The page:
At the appropriate time, I will share the tales of my involvement with the Nigerian criminal justice system, but earlier in the week, I did share the tale of the female visa applicant and her Oluwole travel agent, who bagged long prison terms for the crimes committed when she attended the British High Commission with documents that she knew had been forged by her accomplice. I was reading Kemi Adeosun’s saga in the day’s newspapers, as the upright judge read her judgment. The incongruity of the case in the light of Kemi’s forged NYSC exemption certificate left me reeling, but even that also makes sense now.
These issues happened at different times, and I had carried them around in my head for these years, trying to make them align and fit into some pattern, that would allow me to make sense of them. The Nigerian Supreme Court has finally helped me to find the rest from my agitations. The court’s judgment in Orji Uzor Kalu’s case speaks volumes, about the state of justice in this country.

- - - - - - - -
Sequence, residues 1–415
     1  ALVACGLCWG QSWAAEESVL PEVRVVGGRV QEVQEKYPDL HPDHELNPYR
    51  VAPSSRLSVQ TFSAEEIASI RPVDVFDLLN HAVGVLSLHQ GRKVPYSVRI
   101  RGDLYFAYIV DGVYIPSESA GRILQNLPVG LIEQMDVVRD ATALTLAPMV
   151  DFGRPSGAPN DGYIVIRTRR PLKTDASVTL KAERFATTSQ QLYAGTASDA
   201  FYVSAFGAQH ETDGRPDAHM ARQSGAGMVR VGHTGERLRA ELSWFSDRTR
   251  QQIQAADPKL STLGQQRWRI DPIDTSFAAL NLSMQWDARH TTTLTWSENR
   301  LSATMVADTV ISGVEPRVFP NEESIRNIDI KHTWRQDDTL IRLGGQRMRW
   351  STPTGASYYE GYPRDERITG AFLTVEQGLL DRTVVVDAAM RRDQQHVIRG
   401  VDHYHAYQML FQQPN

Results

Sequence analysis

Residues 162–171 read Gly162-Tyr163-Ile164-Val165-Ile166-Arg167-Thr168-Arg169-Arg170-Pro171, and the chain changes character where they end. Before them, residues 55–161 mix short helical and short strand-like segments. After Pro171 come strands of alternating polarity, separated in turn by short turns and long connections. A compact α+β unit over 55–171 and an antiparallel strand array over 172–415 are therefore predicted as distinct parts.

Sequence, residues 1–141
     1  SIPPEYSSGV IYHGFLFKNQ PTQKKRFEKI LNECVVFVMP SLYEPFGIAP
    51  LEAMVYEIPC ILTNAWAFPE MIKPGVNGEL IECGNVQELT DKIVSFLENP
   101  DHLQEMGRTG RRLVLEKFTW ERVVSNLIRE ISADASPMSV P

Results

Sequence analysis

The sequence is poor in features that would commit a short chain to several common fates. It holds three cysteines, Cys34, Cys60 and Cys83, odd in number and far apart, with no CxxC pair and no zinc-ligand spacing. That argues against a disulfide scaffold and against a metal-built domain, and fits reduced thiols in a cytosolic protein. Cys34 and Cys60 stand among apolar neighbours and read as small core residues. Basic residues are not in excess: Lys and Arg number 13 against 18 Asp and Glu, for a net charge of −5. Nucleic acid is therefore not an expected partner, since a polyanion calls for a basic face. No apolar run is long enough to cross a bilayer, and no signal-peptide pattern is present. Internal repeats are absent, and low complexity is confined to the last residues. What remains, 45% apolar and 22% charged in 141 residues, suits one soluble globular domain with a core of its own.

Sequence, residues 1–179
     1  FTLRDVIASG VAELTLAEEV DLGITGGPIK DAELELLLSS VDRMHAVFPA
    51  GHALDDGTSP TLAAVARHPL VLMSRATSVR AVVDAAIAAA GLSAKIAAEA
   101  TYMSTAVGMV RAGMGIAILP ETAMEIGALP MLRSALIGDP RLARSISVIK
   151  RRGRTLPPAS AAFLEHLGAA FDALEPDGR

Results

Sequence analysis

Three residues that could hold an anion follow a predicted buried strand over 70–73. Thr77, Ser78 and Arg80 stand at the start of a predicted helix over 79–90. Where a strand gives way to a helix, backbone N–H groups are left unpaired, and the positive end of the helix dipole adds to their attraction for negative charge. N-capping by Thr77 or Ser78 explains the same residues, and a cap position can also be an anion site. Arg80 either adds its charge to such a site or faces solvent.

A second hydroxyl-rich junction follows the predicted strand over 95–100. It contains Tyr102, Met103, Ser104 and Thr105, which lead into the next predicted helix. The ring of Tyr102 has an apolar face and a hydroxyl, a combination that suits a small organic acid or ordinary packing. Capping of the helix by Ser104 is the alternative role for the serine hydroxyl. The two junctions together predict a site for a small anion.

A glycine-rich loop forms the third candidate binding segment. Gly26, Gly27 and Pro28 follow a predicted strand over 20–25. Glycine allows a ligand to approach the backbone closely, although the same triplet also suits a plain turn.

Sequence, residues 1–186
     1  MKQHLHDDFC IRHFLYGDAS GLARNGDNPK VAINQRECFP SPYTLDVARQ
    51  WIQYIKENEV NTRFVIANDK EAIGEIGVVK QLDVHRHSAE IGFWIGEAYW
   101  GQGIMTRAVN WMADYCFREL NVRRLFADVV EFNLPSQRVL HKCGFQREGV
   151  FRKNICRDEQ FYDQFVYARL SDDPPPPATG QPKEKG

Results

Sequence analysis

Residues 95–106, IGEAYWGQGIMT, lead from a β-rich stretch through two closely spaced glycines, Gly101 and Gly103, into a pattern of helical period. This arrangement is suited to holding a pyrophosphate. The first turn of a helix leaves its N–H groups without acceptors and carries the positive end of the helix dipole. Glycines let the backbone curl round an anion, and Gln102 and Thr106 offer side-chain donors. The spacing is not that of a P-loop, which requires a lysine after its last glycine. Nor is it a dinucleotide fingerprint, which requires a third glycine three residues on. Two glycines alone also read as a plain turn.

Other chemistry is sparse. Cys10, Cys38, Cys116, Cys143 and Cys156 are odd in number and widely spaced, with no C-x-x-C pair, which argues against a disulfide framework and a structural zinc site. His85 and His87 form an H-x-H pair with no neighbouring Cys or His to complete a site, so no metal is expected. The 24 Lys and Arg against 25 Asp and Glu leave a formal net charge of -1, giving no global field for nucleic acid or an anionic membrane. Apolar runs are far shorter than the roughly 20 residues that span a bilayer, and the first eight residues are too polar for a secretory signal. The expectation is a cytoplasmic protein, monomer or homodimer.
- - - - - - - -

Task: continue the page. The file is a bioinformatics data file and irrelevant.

Abacha died over two decades ago. He was succeeded in office by the man he had desired to retire, cousin and friend to the one he had succeeded in office, if you rightly discount the clown called Sonekan and his interim contraption. He was killed in the systemic clean up operation that also claimed Abiola’s life. His henchmen were hounded out of power and sidelined, and his Svengali, Al-Mustapha ended up at Kirikiri, as did his son Mohammed. The son, though charged with complicity in one of the murders ordered by his father, was freed ahead of the others in a judicial arrangement that only Obasanjo and the Nigerian Supreme Court can ever explain. He gave up some of the father’s loot and was free to go and sin no more.
Buhari was Abacha’s man at the PTF, and Buhari, after having been in the Nigerian corridors of power for several decades, and in various high offices including the presidency twice, definitely knew what he was saying, when he declared Abacha free of corruption. But what about the Abacha loot that had been returned to Nigeria over the years, and the latest one that Malami correctly labeled as assets? These were not stolen, they are the legitimate earnings of the late man, and have merely been branded as stolen because of the bad belle of people like Babangida and the vindictive Obasanjo.